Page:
It’s 4am, another semester is on the books, and I am awake. Why not crack open a beer and participate in Friday Face-Off? This week’s theme is:
“Those darling bygone times… with their delicious fortresses, and their dear old dungeons, and their delightful places of torture” – A cover that is positively medieval
Friday Face-Off is hosted by Books by Proxy. Books by Proxy has been shirking lately, so if you want to see another post for this week, check out Tammy’s post over at Books, Bones & Buffy. I am going to take this opportunity, any opportunity, to plug one of my favorite fantasy series of all time: The Traitor Son Cycle. You can read my pitch for the Traitor Son Cycle here. Already in the know? The fifth and final book in the series is a finalist for the David Gemmell Legend award.
Looking back on The Traitor Son covers is appropriate because the series is as medieval as it gets. I saw another, lesser blogger denigrate the first book as “vambrace porn.” Cameron is better known as a writer of historical fiction and it shows in his attention to detail. But like any good non-SF writer entering the SF pond, he doesn’t so much as dip his toes in fantastical elements as do a full cannonball.
If you pay any attention to fantasy covers in the US and in the UK, you are sure to have noticed that UK covers tend to be a little artsier, a little more pretentious, a little less obviously fantasy. I am happy to tut tut and pull out the relevant J.R.R. Tolkien and C.S. Lewis quotes, but to be honest I usually prefer the UK covers. I mention this because The Traitor Son covers flip that convention. The UK covers are openly fantastical, the US covers almost look like historical fiction until you notice the little dragon flying in the background. I’m going to stick to the US covers. Let’s take a look, starting with…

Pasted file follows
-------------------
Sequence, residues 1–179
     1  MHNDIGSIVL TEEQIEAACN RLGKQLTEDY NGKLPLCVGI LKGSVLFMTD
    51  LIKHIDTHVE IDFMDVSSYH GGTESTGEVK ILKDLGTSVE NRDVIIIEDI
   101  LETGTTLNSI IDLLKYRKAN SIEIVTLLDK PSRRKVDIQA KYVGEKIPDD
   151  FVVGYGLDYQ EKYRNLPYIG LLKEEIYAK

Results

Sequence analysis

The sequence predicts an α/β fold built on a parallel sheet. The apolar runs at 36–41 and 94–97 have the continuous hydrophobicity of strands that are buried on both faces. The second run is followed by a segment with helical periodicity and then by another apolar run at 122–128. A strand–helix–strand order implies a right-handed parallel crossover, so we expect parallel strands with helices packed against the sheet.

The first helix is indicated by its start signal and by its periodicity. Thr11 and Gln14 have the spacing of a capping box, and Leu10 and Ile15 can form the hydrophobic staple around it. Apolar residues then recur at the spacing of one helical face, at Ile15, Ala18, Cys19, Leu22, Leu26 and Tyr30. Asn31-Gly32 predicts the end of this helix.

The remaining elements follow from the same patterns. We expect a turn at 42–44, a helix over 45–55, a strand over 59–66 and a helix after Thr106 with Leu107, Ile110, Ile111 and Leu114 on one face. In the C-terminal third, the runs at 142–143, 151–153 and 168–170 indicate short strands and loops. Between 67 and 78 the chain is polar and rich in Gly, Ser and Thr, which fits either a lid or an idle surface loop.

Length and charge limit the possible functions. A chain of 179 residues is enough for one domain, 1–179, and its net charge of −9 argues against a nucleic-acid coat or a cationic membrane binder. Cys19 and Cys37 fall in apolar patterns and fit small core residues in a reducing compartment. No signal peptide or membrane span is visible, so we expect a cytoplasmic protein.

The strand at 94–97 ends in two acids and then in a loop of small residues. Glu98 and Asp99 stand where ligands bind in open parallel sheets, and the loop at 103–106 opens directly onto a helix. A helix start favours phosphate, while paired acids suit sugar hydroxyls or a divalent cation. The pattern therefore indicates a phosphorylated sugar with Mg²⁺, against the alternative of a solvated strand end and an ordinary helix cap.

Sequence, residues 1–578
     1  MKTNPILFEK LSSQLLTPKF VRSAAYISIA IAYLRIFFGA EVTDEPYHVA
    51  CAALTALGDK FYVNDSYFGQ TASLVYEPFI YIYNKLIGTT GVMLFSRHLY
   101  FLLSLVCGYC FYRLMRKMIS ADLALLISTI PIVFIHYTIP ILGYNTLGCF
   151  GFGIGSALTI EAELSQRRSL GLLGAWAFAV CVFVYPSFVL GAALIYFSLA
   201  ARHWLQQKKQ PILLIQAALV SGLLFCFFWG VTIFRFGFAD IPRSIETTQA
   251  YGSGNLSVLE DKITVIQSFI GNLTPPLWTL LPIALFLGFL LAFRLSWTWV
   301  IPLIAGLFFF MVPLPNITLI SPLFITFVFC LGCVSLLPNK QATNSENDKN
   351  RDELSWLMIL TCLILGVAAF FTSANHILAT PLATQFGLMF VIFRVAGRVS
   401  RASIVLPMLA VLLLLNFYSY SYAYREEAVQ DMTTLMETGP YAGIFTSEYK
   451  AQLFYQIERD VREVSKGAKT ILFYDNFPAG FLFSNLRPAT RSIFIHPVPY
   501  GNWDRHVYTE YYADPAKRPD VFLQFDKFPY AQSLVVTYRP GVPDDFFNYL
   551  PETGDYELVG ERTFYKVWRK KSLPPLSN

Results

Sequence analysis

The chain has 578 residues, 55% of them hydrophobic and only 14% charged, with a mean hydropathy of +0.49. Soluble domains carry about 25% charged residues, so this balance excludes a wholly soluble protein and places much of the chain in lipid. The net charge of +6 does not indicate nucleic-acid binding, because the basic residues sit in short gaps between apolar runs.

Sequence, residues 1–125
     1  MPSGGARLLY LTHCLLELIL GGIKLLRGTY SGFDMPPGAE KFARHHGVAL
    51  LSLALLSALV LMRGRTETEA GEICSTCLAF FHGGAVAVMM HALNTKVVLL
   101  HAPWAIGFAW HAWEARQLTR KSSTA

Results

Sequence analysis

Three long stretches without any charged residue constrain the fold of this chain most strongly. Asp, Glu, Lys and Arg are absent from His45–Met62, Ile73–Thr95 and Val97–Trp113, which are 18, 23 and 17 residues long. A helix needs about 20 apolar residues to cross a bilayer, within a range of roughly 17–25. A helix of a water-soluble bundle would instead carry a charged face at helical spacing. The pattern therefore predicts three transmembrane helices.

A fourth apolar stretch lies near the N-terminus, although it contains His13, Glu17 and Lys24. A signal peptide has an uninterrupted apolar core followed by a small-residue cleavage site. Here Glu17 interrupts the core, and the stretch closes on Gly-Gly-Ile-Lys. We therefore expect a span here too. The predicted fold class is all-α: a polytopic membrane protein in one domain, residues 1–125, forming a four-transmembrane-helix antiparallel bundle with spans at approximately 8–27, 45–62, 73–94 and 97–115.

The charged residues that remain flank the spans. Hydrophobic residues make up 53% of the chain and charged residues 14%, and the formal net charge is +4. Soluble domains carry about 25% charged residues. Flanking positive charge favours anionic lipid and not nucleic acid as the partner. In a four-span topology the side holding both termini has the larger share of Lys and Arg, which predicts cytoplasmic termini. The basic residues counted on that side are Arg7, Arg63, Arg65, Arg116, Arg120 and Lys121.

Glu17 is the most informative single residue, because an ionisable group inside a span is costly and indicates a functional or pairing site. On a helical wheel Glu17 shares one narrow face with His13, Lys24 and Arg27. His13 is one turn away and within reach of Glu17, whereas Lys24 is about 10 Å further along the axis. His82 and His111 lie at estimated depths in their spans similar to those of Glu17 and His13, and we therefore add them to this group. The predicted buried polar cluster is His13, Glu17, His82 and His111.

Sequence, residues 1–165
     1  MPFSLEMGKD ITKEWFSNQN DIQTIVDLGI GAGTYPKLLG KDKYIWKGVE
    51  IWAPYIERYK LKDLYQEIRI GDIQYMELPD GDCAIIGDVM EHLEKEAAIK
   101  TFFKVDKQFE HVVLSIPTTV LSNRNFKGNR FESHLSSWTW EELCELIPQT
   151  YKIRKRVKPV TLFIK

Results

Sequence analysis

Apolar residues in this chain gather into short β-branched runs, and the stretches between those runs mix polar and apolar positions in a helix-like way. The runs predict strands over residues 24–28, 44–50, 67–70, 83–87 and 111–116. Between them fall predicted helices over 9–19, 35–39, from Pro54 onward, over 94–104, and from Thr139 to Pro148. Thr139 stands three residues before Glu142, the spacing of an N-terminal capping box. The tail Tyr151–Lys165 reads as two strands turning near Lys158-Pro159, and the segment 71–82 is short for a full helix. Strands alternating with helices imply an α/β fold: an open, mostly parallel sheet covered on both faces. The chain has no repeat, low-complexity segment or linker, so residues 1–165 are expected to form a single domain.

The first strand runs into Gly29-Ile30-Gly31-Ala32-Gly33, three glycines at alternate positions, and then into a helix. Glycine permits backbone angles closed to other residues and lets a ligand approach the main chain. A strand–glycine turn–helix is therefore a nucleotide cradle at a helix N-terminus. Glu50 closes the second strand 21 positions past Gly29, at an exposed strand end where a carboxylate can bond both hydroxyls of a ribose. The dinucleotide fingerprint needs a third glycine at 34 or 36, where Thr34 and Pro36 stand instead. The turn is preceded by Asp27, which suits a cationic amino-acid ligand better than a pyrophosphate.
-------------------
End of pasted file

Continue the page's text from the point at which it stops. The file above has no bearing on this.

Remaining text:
Not bad. But this is not vambrace porn–there is nary a vambrace to be seen. We can do better.
Better! Just look at that vambrace! And the helmet–it’s so pokey! But still we have no visual confirmation that this is in fact a fantasy novel (though I suppose the title now provides a strong suggestion). We aren’t ashamed of our healthy fantasies around here. Onward fantasy soldiers.
Is that a dread wyrm I see flying in the distance? (Also: points for the underused word “wyrm.”) But I’m going to have to ding this cover because: (1) that fellow should really be wearing gauntlets, and (2) I like a longer haft on my sword. Next!
Look at that haft! And the title promises not just one sword but a whole plague of them! (By the way, I’m a big fan of the font they use on the covers too.) And maybe there is a real plague in the book too! I’m not telling! Why am I using so many exclamation points it’s like a students email! Okay, I’m better now. One more:
LOOK AT ALL THAT HAFT. The spear on the cover is an esoteric weapon called a “ghiavarina.” As Cameron describes it, it is a shortish spear (say 7-8′) with a heavy, straight, double-bladed spearhead, making it good not just for thrusting but also for cuts. The ghiavarina is good for killing men in armor, or epic fantasy books. We do have the dragon in the background again. The same dragon? I’m not telling! Modern fantasy covers have the bad habit of showing people standing around instead of actually, you know, doing cool, fantasy stuff. Points to The Fall of Dragons cover for showing someone trying to kill a person. Bonus points that it is you, the reader!
But which of the five is my favorite, and the most medieval? I do love The Fall of Dragons cover and the ghiavarina, but I am going to have to go with The Plague of Swords cover. I love, love, LOVE that cover. And with some battlements sneaking in there in the background, it is particularly thematically appropriate.
So, what do you think? Which of the Traitor Son covers do you prefer? Maybe you prefer the UK covers over the US covers? Is there another particularly medieval cover that tickles your fancy?